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With so many choices in the outfield, it is difficult to hone in on the “right” players to target in your fantasy drafts and auctions. Below are five staff choices for outfielders to target this year.

Lorenzo Cain, Royals
Which one of these players do you want on your fantasy team in 2016?








Player A








Player B








I want Player A. But it’s… close, isn’t it?

Player A was 2015 Jose Altuve. Player B was 2015 Lorenzo Cain. Yes, position scarcity matters. But even when the PFM factors position scarcity in, Altuve only edges Cain out by two dollars ($32.34 to $30.56, to be exact) in 15-team mixed leagues. It is fair to wonder if Cain’s 2015 power is an anomaly based on his prior major-league track record, but his ISO last year was fairly consistent with his minor-league results. Cain isn’t a banjo hitter who lucked into 16 home runs but rather a hitter with a solid track record who was finally able to string together a solid major league campaign. Even if there is some regression built into Cain’s 2016, his current draft slot makes him a significant bargain. Cain is being drafted 52nd overall in NFBC drafts, compared to Altuve’s 12th-overall ranking. Speed is perpetually underrated in fantasy, but this isn’t a Billy Hamilton who produces in one category and drags you down elsewhere. Cain is a perpetual five-category contributor who is simply getting dissed by fantasy players across the board. —Mike Gianella

Shin-Soo Choo, Rangers
Two years ago, Shin-Soo Choo signed a massive deal to play in Texas, and fantasy players were lining up around the block to invest in the consistent, in-his-prime outfielder. They were, of course, disappointed as he put together the worst year of his career in 2014. Many of then lined back up to cash in on a bounce-back in 2015, but by the All-Star Game it looked as if there was no hope for Choo to ever be the player he was. The then-32-year-old dispelled that notion, playing like a superstar in the second half with a .343/.455/.560 batting line. Looking at the early ADP figures, it appears people are underplaying that second-half surge.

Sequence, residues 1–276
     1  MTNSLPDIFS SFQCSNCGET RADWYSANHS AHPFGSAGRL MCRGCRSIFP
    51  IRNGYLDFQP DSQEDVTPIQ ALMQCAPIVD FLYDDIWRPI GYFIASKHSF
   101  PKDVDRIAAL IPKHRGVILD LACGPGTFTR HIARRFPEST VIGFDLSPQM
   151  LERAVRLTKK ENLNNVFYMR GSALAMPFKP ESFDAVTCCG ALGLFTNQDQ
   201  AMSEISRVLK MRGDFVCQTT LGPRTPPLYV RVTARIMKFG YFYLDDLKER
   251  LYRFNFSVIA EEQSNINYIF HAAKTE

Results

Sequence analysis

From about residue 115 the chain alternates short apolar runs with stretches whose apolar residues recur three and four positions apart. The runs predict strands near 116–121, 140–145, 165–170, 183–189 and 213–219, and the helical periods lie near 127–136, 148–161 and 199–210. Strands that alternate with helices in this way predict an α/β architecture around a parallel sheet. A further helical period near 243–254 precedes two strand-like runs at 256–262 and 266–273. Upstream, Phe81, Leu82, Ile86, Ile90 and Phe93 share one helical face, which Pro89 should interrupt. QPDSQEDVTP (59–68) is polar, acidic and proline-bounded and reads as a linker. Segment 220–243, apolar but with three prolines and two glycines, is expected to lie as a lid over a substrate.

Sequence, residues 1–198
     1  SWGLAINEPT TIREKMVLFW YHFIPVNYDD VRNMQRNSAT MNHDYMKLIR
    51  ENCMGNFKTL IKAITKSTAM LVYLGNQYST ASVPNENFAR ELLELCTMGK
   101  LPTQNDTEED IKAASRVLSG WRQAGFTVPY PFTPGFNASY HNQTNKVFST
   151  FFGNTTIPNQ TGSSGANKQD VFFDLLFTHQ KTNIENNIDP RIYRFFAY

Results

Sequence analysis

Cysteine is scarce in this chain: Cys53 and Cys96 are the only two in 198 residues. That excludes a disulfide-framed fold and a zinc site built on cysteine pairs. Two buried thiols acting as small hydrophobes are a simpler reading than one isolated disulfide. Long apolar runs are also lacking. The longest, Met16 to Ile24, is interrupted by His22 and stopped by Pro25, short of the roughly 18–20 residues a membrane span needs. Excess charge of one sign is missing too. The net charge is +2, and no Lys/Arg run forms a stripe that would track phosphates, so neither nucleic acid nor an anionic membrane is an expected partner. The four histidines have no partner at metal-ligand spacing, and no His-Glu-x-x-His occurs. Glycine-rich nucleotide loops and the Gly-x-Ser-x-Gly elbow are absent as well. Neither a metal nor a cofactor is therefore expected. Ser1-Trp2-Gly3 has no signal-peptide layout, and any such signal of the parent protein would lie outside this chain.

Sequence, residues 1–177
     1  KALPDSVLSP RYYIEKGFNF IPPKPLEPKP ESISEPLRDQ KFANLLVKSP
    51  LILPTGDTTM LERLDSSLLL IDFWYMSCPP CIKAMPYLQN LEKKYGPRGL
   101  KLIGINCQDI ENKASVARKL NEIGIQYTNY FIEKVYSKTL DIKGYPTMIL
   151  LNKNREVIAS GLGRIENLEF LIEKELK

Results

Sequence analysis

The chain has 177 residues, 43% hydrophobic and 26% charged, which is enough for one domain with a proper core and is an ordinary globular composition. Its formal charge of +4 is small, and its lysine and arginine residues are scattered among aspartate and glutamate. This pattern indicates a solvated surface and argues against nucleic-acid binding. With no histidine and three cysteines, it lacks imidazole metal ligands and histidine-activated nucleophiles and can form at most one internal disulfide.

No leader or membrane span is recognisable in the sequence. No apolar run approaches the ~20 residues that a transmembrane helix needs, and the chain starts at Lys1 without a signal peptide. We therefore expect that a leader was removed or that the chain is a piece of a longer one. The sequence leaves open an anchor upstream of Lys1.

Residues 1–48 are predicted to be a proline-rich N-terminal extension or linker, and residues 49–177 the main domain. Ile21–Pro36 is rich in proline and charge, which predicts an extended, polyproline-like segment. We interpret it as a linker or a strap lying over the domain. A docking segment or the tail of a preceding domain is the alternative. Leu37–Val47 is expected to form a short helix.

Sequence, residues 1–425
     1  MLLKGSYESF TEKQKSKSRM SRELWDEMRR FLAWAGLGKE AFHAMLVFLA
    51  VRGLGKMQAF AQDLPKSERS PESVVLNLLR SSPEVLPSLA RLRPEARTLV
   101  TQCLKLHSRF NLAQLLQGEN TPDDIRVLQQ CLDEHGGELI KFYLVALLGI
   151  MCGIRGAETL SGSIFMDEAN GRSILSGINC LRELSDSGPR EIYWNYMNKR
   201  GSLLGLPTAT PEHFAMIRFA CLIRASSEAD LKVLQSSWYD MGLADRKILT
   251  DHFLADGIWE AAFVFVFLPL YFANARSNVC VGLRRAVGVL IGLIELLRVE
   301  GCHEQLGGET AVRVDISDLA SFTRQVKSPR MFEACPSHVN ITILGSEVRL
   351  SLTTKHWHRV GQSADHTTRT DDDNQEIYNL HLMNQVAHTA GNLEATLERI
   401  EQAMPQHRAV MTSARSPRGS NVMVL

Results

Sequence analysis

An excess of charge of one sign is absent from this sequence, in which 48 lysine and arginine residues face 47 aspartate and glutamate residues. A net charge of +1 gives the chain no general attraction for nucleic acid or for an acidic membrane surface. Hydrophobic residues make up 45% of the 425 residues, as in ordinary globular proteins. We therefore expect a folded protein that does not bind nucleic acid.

Obviously, Choo isn’t going to be that kind of player again, but there’s plenty of reason to believe he can put up numbers similar to his overall 2015 line. By the time last year ended, he had put up a .276 AVG with 22 homers, 82 RBI and 94 runs. To put it simply, he looked a lot like his old self, minus the stolen bases. That doesn’t make him an OF1, of course, but he’s currently being drafted as a mid-range OF3 in 15-team leagues. While other owners are betting on upside plays like Gregory Polanco, Adam Eaton or on higher-profile veterans like Jacoby Ellsbury, Hanley Ramirez, and Kole Calhoun, you can grab Choo in the ninth round of a 15-team draft and truly solidify your outfield. —Matt Collins

Ender Inciarte, Atlanta Braves
I espoused Inciarte’s potential to reach top-25 status among outfielders in 2016 immediately after his trade out of the desert to Atlanta in the transaction analysis of the deal, and my feelings haven’t changed in the two months since. In fact, they’ve only grown stronger as the Braves haven’t made any other moves to bolster their outfield since the trade with the Diamondbacks, and they also resisted the temptation to trade Inciarte himself to the Cubs or another rumored suitor—clearing the path for him to receive 600 or more plate appearances and hit in the top-third of the Braves order.